way; Not having a tested backup. I guess I will be more careful in future.

    Thank you all for your helpful comments / suggestions.

    Regards,
    Srinivas.


    On Tue, Apr 29, 2008 at 4:59 AM, Robert Freeman
    wrote:
    The OP does not seem to have a valid backup.

    RF

    Robert G. Freeman
    Author:
    Oracle Database 11g New Features (Oracle Press)
    Portable DBA: Oracle (Oracle Press)
    Oracle Database 10g New Features (Oracle Press)
    Oracle9i RMAN Backup and Recovery (Oracle Press)
    Oracle9i New Feature
    Blog: http://robertgfreeman.blogspot.com (Oracle Press)


    ----- Original Message ----
    From: Josh Collier
    To: "srinivas.chintamani_at_gmail.com"
    Cc: "oracle-l_at_freelists.org"
    Sent: Monday, April 28, 2008 5:11:32 PM
    Subject: RE: Is it possible to add existing datafiles to an oracle
    database?

    Restore a good copy of the datafile from a backup and perform recovery
    as needed.



    still no mention of
    1. your db version
    2. your os
    3. the contents of your alert log when the system crashed.
    4. your pfile contents
    5. your control file statement.

    your recovery would have been simple if you had a tested recovery
    strategy. Of the two words in the phrase "backup and recovery"; recovery is
    the more important.

    Where you trying to resize the undo tablespace and hit control-c?

    you could try putting the db in manual undo and starting it with the
    default rollback seg in the system tablespace.



    ------------------------------
    *From:* oracle-l-bounce_at_freelists.org [mailto:
    oracle-l-bounce@freelists.org] *On Behalf Of *Jared Still
    *Sent:* Monday, April 28, 2008 2:40 PM
    *To:* srinivas.chintamani_at_gmail.com
    *Cc:* oracle-l_at_freelists.org
    *Subject:* Re: Is it possible to add existing datafiles to an oracle
    database?

    On Fri, Apr 25, 2008 at 6:31 AM, Srinivas Chintamani <
    srinivas.chintamani_at_gmail.com> wrote:
    Earlier when working with SQL Server, it was simple to backup /
    restore the db. Just take a backup, dump the backup file anywhere on the
    filesystem and point to SQL Server, where the backup file is at and it
    happily recovered the db, all in a few seconds.

    Wonder why restoring an oracle db is such a pain ...
    Comparing a tool you know to one you don't know is not really a fair
    comparison.

    I'm somewhat familiar with backing up and restoring SQL Server and
    Oracle.
    Backing up an oracle database is more comparable to backing up an entire
    SQL Server instance, not a single SQL Server database.

    Try this on SQL Server: set the log file to unlimited growth. Let the
    log fill
    the disk. Try reopening the database following that. It's a lot of fun.

    No database is perfect. If you are responsible for backups of a
    database, the first
    thing you should make sure you can do is restore said backups.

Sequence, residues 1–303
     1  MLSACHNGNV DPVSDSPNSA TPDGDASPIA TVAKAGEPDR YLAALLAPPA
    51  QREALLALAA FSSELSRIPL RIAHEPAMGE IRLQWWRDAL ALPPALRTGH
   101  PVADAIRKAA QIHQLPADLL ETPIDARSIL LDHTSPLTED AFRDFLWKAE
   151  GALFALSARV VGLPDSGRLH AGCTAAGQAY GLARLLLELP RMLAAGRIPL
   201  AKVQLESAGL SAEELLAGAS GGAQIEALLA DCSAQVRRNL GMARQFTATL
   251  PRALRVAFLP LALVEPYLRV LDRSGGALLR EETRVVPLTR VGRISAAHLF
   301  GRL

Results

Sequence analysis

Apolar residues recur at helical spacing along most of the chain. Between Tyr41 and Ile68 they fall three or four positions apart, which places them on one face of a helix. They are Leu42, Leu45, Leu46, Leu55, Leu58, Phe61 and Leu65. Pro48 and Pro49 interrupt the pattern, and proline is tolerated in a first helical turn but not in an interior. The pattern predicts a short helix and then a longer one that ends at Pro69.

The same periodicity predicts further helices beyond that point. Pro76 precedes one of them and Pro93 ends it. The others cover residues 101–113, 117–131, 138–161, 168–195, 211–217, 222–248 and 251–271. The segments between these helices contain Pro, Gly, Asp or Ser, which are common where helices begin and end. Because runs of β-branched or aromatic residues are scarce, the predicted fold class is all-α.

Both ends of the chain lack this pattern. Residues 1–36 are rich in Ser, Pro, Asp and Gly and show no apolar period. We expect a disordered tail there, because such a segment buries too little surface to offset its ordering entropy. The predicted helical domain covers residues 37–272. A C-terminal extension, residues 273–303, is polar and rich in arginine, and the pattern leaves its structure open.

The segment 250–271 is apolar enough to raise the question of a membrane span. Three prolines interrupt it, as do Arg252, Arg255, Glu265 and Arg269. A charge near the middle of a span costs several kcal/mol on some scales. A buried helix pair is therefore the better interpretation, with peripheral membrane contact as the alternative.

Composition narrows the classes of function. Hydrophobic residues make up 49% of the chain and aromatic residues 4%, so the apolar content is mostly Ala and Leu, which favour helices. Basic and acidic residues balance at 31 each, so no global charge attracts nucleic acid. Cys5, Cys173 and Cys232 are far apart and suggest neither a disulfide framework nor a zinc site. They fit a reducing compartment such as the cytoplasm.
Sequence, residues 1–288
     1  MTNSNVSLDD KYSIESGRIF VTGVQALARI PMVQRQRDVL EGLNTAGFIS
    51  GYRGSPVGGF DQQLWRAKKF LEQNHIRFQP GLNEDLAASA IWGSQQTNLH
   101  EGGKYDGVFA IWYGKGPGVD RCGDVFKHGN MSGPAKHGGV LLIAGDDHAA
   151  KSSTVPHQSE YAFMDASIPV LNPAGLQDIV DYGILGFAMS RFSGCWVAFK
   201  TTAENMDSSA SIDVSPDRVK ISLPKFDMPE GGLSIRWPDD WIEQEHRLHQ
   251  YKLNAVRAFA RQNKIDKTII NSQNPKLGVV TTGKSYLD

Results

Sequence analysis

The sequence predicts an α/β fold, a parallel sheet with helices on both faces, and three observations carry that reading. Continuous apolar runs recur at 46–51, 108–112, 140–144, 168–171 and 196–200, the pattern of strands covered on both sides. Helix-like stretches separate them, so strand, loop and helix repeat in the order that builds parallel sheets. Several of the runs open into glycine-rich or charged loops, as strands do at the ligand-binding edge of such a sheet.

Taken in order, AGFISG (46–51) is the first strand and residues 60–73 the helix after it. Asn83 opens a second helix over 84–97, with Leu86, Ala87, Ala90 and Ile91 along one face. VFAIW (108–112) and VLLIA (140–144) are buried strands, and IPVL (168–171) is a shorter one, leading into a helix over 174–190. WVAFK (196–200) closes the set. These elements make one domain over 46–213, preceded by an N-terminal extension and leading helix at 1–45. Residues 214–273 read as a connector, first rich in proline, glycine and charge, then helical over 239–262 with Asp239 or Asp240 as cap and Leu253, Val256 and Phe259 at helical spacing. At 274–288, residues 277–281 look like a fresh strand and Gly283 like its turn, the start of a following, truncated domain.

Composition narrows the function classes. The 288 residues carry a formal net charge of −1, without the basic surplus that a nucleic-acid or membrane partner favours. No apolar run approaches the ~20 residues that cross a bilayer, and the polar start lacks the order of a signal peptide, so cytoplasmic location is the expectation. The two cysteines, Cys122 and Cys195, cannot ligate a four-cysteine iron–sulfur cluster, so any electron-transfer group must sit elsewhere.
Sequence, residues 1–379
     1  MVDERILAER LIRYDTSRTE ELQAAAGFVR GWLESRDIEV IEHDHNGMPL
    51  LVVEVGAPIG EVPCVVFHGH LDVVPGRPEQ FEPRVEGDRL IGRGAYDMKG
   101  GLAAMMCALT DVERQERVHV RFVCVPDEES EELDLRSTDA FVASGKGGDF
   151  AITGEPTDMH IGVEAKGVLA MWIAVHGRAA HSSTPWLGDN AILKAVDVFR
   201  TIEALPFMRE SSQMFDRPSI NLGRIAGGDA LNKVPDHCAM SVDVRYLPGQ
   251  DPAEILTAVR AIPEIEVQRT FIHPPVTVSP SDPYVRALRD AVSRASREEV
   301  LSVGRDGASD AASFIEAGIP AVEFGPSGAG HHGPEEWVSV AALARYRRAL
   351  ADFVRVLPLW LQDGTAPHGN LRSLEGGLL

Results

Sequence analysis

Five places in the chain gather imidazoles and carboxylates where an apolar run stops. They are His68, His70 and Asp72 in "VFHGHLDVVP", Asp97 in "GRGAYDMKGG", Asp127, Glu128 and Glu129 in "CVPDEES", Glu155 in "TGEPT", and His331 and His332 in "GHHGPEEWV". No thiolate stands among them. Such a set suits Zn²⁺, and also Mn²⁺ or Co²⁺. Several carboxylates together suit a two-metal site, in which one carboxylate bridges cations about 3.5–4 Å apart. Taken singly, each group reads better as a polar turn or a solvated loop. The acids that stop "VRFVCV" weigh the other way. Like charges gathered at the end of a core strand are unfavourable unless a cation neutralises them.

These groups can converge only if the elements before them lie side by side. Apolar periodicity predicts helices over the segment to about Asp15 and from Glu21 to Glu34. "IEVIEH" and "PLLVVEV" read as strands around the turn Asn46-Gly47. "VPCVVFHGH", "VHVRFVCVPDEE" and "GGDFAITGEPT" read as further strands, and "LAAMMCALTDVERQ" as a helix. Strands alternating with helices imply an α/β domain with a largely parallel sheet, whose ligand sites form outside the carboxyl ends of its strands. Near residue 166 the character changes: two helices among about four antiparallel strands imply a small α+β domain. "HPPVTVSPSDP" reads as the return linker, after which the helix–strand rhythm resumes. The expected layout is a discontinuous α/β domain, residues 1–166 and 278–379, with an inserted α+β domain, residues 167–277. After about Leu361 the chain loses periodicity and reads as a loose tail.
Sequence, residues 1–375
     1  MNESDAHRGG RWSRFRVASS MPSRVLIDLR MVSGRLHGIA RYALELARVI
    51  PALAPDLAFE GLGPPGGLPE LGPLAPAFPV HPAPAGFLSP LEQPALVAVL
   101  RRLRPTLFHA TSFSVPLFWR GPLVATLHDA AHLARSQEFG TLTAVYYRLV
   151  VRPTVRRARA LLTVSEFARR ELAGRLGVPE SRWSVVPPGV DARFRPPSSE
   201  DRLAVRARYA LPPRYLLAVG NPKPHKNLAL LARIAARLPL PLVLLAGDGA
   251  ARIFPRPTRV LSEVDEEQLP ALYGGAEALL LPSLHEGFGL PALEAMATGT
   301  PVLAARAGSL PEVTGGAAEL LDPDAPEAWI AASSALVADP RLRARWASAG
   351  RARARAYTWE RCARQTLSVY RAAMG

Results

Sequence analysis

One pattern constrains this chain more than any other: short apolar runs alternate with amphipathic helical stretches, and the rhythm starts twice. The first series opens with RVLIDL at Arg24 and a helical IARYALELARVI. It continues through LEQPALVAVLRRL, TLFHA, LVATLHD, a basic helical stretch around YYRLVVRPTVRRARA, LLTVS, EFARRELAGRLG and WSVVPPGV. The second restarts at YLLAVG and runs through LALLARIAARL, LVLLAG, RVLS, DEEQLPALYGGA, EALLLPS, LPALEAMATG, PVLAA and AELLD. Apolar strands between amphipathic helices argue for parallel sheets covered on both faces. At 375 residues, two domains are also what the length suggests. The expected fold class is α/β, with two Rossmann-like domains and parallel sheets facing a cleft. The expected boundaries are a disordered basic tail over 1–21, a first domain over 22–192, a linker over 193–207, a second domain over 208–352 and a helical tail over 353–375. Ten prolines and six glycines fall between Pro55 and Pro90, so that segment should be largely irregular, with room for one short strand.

Now that you've (hopefully) learned that lesson, perhaps someone can
    help you
    with your down database.

    Further down in the thread it appears that the UNDO tbs is corrupt,
    correct?

    IIRC there may be a way to open this db, though some corruption may
    occur.

    Have you escalated the SR? This is not the same as setting a severity
    level.

    Search for 'escalation' on MetaLink.


    --
    Jared Still
    Certifiable Oracle DBA and Part Time Perl Evangelist


    --
    Regards,
    Srinivas Chintamani
    --
    Jared Still
    Certifiable Oracle DBA and Part Time Perl Evangelist

    --
    http://www.freelists.org/webpage/oracle-l
  • Stefan Knecht at May 4, 2008 at 9:49 am
    Just for completeness' sake -- as it has been mentioned more than once in
    this thread (and wrong every time) :)

    The parameter in question is probably _allow_resetlogs_corruption... there
    is no _allow_log_corruption parameter in oracle.

    Cheers

    Stefan
    On Thu, May 1, 2008 at 7:44 PM, Jared Still wrote:

    There's more to using the _Allow_LOG_Corruption parameter than just
    setting it to true.

    You really need to work with Oracle Support to get it to work.



    On Mon, Apr 28, 2008 at 9:32 PM, Srinivas Chintamani <
    srinivas.chintamani_at_gmail.com> wrote:
    Hi All,
    I am extremely delighted at the number of responses I got to my
    question. I have tried most everything suggested, including setting the
    _Allow_LOG_Corruption parameter to true. It pains me to report that, it
    didn't solve my problem. Anyways, I guess its a lesson - learnt the hard
    way; Not having a tested backup. I guess I will be more careful in future.

    Thank you all for your helpful comments / suggestions.

    Regards,
    Srinivas.


    On Tue, Apr 29, 2008 at 4:59 AM, Robert Freeman <
    robertgfreeman_at_yahoo.com> wrote:
    The OP does not seem to have a valid backup.

    RF